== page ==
By contrast, I participated in a remarkable high-level Muslim-Jewish dialogue in late October, in which Jewish participants engaged forcefully and unapologetically. One prominent rabbi told the group point-blank that “antisemitism is a much more serious problem than Islamophobia.” This was jolting for many of the Muslim participants and not a few of the Jews. Not one Muslim participant, however, left the Zoom conversation. The typical dynamic in Muslim-Jewish or Arab-Jewish dialogue is for Jews to be nuanced about Israel, acknowledging Israeli excesses and decrying the occupation, while our interlocutors offer an unqualified defense of every Palestinian act of rejection and violence. It’s fine for Jews to be nuanced, but it’s long past time to expect the same from our interlocutors. We should ask, “Why is it that you never find fault with anything that Palestinians do?” If they are incapable of engaging in such conversation, then it’s time to move on, lest we become complicit in their denial. We know where that gets us.
2. Don’t partner with people who think it’s okay to murder Jews. I’m generally averse to most litmus tests. I’ve had a drink with a staff member of the anti-Zionist Jewish Voice for Peace, and I’ve had coffee with a radical leader of CAIR (the Council on American-Islamic Relations). But I don’t think any self-respecting Jewish organization should sit on a public panel, join a coalition, or be in dialogue with people who supported the murder of our brethren in Israel. The ADL’s Jonathan Greenblatt got it right when he stated, “I’m not going to humanize people who dehumanize others.” We should be isolating, not platforming these extremist voices. If larger coalitions insist on giving them a place at the table, we should withdraw, whatever the temporary loss of influence.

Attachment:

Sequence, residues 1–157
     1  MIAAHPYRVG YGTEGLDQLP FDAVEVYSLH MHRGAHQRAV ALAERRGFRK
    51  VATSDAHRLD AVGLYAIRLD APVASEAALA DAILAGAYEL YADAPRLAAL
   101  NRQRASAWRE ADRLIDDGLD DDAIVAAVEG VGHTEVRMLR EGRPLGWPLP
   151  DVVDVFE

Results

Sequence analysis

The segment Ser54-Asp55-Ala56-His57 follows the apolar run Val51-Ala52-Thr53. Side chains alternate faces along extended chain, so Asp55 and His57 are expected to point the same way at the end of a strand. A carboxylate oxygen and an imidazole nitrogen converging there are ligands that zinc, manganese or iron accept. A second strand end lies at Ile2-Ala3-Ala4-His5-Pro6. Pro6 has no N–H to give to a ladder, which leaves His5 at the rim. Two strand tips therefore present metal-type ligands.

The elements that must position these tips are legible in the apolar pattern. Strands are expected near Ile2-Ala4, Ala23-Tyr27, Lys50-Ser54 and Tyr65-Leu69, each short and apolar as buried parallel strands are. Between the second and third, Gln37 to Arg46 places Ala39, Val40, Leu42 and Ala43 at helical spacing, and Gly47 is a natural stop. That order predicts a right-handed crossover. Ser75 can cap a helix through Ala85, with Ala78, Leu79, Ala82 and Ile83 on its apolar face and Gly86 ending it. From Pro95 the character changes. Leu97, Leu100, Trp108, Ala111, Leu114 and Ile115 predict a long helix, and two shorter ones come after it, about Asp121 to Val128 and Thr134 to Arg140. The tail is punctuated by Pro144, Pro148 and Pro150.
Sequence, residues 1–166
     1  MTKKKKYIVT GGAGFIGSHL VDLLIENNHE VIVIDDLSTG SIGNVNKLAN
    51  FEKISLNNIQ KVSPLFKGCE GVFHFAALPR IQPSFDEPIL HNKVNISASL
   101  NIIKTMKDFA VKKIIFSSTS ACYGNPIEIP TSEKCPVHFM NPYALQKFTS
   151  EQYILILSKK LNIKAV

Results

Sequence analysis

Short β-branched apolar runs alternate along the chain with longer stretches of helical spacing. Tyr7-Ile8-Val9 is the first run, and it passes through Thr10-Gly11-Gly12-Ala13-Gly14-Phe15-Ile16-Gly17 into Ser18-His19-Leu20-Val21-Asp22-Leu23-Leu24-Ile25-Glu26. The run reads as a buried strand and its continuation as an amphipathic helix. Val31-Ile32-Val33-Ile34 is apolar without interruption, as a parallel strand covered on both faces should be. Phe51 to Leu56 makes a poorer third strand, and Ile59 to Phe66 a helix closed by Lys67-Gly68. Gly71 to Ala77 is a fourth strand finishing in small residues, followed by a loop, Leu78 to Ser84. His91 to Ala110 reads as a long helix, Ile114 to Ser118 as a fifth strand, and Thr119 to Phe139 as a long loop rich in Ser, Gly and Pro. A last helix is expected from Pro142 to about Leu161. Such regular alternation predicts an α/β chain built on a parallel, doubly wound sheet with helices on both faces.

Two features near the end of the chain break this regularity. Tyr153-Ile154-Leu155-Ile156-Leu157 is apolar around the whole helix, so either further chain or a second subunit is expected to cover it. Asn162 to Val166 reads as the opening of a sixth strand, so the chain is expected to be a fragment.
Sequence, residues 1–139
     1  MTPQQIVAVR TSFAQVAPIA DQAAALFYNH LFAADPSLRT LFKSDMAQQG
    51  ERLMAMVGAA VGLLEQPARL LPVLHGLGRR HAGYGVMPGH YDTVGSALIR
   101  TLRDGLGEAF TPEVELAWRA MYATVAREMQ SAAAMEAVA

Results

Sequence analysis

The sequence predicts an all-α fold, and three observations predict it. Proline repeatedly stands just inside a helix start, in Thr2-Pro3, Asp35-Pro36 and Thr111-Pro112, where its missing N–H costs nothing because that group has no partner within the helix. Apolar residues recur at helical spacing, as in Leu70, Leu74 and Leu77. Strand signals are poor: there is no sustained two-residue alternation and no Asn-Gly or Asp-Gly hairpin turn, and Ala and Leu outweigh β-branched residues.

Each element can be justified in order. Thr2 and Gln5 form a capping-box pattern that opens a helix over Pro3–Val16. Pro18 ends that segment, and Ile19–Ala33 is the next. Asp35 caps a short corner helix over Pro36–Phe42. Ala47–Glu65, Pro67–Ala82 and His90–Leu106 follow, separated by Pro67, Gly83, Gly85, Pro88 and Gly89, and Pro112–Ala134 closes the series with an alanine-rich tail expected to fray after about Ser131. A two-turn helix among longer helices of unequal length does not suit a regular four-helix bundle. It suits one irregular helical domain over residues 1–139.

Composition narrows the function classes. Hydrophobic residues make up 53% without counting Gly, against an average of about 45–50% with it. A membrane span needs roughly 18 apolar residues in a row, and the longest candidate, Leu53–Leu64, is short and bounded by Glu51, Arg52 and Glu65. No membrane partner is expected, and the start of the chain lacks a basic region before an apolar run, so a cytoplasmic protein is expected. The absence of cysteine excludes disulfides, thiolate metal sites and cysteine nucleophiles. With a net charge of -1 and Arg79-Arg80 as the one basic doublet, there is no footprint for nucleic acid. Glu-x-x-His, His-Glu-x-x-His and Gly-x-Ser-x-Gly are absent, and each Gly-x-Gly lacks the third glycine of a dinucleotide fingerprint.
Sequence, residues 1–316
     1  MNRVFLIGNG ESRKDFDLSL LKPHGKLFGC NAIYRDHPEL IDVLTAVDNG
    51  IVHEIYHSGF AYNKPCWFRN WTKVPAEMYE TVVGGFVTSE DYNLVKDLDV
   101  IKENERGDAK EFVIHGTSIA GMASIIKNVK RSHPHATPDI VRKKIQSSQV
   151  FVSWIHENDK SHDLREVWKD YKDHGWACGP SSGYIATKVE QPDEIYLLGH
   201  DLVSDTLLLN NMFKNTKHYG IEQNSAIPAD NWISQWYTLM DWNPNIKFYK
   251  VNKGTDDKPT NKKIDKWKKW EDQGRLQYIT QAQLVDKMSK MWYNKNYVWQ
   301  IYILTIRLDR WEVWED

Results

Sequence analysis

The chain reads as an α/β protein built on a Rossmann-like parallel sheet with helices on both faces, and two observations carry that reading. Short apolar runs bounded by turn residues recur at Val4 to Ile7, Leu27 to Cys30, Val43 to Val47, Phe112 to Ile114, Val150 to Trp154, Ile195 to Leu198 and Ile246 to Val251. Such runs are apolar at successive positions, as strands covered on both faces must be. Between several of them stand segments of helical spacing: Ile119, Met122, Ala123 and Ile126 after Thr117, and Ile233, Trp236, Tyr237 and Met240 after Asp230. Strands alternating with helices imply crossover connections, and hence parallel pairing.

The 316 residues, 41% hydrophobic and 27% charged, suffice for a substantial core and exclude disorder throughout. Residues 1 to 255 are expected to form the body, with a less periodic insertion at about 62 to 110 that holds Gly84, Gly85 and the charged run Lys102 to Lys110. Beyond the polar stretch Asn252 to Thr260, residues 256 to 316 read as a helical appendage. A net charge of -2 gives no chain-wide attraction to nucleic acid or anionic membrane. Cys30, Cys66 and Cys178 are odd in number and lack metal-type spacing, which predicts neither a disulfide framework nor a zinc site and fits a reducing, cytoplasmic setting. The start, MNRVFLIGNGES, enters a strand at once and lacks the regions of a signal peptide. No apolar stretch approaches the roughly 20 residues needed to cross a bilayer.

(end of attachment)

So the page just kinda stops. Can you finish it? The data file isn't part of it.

3. Don’t pay the price of admission. There’s an old adage in Jewish community relations: “If you’re not at the table, then you’re on the menu.” The problem is that you can be both. Too many Jewish groups have been willing to parrot rhetoric about America being a “white-supremacist society” in order to be at the table. For example, they were willing to go along with California’s highly ideological ethnic studies school curriculum, with its lesson plans about “de-colonialism” and “settler-colonialism,” provided it didn’t explicitly denounce Israel or insult Jews.